1

"

"Thou

that dost take the

forms imagined by thy wor-

cannot assert this too strongly of orthodox or classic (sastriya) Rajput painting is more romantic, but even there the theme is pre-determined in literature, and the pictures, though they are not illustrations in the representative sense of the word, are pictures for

We

Hindu

art.

verses just as much as the Ajanta paintings or the reliefs of Borobodur. " 3 " Even the misshapen image of a god," says Sukracharya, is to be to the image of a man, however charming": in full accord preferred

with our modern view, that prefers conviction to prettiness.

26lovely, the

HINDU VIEW OF ART: HISTORICALdancer

are not rasavant.

be ravishing, but the picture and the dance of beauty is a matter for philosophand artists strive to demonstrate it at their own risk. ers, The Indian imager was concerned with his own problem. It is in-

may

The theory

teresting to see the kind of man he was expected to be. According to one of the Silpa Sastras "The Silpan (artificer) should under-

stand the Atharva Veda, the thirty-two Silpa Sastras, and the Vedic mantras by which the deities are invoked. He should be one who wears a sacred thread, a necklace of holy beads, and a ring of kusa grass on his finger delighting in the worship of God, faithful to his wife, avoiding strange women, piously acquiring a knowledge of various sciences, such a one is indeed a craftsman." 1 Elsewhere it is said "the painter must be a good man, no sluggard, not given to anger; holy, learned, self -controlled, devout and charitable, such should be his character/' 2 It is added that he should work in solitude, or when another artist is present, never before a layman.;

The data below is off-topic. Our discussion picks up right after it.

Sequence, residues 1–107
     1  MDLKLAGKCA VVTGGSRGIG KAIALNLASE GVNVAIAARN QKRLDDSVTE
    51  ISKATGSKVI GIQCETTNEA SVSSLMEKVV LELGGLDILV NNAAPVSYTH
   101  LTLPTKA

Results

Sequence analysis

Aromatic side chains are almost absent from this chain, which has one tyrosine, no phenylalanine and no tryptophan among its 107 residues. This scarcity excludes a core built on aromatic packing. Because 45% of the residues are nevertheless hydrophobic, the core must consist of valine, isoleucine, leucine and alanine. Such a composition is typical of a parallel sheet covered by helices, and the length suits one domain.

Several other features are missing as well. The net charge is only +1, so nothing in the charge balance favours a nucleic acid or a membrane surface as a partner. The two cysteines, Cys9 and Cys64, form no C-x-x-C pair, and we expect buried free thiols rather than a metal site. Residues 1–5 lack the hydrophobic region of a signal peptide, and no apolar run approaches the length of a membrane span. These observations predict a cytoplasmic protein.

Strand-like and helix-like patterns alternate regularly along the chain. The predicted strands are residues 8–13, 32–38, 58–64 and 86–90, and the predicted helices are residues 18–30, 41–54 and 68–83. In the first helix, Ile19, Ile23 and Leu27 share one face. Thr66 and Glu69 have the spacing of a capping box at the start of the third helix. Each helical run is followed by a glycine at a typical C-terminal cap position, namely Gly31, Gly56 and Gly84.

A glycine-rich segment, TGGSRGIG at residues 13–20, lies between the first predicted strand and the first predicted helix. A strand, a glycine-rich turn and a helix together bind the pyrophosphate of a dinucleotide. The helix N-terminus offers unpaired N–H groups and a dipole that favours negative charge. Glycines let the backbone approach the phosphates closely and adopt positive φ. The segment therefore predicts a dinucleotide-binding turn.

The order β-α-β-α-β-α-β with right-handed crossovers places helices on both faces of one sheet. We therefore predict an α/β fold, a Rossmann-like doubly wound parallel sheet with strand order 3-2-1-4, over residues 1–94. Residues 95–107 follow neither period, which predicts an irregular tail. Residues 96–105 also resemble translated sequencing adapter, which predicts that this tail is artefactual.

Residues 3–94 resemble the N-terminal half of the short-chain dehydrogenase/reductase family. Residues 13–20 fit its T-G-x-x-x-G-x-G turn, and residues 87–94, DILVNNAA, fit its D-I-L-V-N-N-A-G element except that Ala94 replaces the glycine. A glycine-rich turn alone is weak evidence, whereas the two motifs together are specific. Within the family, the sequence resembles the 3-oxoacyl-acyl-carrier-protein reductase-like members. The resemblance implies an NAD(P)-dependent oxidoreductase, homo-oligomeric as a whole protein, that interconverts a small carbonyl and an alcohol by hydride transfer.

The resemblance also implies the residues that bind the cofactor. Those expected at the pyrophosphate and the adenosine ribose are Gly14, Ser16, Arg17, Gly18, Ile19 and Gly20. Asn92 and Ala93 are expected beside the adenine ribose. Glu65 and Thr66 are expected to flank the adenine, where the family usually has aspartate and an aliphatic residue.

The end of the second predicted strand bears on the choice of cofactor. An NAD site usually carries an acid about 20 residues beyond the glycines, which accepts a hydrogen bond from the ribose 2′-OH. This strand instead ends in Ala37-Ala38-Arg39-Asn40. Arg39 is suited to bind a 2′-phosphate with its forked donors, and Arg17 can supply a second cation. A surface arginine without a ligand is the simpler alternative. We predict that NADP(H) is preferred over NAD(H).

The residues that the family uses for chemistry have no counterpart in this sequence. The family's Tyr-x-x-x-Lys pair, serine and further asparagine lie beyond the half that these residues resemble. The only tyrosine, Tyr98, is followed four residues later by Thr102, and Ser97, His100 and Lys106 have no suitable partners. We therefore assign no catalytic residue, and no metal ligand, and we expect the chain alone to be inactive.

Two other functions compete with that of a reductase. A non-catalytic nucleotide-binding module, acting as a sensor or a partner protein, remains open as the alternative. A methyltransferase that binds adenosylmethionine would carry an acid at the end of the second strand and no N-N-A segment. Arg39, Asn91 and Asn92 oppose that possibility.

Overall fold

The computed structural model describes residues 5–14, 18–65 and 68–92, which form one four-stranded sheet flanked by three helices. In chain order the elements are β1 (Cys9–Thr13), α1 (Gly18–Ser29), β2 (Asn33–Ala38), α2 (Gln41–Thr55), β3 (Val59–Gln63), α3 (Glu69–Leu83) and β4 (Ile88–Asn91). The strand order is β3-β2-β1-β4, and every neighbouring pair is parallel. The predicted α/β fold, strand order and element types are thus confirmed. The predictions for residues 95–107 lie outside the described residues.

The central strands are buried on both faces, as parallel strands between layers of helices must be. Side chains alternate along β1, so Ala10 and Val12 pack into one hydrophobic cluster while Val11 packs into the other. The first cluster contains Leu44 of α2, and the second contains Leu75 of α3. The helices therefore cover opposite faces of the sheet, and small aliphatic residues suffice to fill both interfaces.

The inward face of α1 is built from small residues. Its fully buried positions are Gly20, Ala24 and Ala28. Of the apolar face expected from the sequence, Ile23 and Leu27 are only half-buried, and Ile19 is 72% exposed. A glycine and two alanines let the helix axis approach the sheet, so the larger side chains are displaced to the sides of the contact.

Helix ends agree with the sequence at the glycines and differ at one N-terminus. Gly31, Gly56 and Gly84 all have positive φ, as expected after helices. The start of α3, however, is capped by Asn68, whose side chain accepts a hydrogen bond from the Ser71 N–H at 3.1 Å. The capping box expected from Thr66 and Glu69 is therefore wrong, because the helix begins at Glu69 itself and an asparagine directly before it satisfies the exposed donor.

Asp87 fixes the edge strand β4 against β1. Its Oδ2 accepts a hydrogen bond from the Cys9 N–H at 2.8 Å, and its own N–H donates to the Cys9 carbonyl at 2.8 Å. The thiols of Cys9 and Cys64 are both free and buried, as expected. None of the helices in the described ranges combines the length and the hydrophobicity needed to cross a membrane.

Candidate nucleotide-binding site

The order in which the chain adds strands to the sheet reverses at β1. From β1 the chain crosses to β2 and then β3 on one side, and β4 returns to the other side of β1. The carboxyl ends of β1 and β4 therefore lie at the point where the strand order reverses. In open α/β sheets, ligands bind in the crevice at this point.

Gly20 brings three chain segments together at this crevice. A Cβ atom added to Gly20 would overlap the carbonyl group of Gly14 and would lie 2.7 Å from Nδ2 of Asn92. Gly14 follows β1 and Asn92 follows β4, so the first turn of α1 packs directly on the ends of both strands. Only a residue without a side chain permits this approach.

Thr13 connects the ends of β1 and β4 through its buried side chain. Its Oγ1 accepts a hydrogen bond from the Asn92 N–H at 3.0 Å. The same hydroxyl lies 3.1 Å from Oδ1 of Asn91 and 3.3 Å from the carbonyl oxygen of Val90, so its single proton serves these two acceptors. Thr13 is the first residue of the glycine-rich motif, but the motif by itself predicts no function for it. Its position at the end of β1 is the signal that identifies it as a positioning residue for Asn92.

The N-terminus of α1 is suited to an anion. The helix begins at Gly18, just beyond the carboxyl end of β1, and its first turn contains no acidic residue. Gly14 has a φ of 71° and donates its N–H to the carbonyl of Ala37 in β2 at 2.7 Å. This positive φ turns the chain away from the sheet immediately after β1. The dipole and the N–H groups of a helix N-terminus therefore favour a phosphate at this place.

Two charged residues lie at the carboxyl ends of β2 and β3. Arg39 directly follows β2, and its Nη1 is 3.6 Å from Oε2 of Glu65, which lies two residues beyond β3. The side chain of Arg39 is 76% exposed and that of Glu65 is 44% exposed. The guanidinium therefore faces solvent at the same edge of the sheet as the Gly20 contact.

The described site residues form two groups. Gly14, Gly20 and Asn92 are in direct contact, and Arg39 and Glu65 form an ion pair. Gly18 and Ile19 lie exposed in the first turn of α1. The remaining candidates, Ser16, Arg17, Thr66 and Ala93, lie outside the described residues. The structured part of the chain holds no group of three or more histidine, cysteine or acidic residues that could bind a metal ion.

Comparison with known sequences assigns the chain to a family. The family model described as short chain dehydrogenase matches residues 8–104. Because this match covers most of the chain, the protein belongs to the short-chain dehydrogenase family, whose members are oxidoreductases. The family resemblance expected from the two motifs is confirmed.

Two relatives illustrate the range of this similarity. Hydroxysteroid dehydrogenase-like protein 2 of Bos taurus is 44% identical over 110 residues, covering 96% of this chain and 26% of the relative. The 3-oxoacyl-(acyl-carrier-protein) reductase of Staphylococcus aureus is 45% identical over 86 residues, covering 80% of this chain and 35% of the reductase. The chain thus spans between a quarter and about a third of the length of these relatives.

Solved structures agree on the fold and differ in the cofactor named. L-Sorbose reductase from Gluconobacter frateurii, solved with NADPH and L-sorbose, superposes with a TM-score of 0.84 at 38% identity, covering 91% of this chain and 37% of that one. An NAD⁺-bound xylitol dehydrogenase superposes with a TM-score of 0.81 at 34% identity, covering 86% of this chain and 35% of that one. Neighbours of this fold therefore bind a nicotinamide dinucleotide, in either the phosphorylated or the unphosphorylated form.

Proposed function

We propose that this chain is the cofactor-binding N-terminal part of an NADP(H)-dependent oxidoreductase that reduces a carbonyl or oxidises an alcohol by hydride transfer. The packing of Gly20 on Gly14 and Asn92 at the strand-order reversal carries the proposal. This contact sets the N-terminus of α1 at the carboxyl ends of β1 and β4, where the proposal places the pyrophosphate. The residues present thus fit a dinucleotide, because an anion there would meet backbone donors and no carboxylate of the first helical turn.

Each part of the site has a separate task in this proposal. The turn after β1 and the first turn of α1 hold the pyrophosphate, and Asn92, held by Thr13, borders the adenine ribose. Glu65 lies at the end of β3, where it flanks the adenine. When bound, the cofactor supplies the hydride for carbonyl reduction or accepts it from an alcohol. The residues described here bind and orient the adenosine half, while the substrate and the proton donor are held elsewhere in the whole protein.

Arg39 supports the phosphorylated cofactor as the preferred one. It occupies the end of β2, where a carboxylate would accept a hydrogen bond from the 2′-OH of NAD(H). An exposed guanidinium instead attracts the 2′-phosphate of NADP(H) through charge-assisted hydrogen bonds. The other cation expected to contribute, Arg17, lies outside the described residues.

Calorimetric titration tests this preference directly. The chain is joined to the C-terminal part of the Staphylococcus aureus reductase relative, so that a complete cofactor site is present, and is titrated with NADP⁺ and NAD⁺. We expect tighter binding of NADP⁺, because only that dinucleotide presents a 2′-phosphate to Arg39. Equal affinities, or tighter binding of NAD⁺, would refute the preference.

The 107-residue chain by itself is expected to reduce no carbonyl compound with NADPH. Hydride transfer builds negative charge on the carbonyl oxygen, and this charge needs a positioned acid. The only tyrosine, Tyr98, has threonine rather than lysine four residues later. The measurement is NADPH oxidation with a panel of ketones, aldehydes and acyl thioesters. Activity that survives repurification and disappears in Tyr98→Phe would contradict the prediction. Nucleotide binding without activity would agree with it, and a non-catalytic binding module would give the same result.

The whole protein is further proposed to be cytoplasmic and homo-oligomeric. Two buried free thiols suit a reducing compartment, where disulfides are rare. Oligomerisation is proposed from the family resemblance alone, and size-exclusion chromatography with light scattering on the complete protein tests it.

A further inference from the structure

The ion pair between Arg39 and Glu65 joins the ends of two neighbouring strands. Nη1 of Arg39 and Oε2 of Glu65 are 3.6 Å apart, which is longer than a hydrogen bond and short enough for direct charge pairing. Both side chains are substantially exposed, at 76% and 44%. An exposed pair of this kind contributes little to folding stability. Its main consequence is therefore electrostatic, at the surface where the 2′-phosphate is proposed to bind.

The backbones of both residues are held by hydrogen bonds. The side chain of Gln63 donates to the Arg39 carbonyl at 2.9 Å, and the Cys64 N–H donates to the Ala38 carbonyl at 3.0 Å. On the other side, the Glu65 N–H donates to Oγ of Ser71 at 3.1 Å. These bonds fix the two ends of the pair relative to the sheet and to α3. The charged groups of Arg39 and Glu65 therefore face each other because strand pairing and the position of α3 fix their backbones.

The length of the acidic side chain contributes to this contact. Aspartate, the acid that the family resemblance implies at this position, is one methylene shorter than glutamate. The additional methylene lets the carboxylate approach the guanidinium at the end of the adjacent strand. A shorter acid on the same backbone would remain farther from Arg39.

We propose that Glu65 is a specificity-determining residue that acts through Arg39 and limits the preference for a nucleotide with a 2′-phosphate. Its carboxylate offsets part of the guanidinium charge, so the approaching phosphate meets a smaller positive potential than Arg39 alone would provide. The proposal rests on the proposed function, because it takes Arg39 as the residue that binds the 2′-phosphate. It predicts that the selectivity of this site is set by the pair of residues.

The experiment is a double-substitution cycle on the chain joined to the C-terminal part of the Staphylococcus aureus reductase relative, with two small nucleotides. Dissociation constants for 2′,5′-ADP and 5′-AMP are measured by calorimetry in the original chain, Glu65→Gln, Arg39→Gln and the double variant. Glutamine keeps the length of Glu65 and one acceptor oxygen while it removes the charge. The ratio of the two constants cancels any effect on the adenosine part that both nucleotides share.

In this connection

it is

very important to realize that the artisan

or artist possessed an assured status in the form of a life contract, or rather an hereditary office. He was trained from childhood ashis father's disciple, and followed his father's calling as a matter of course. He was member of a guild, and the guilds were and protected by the king. The artificer was also recognized,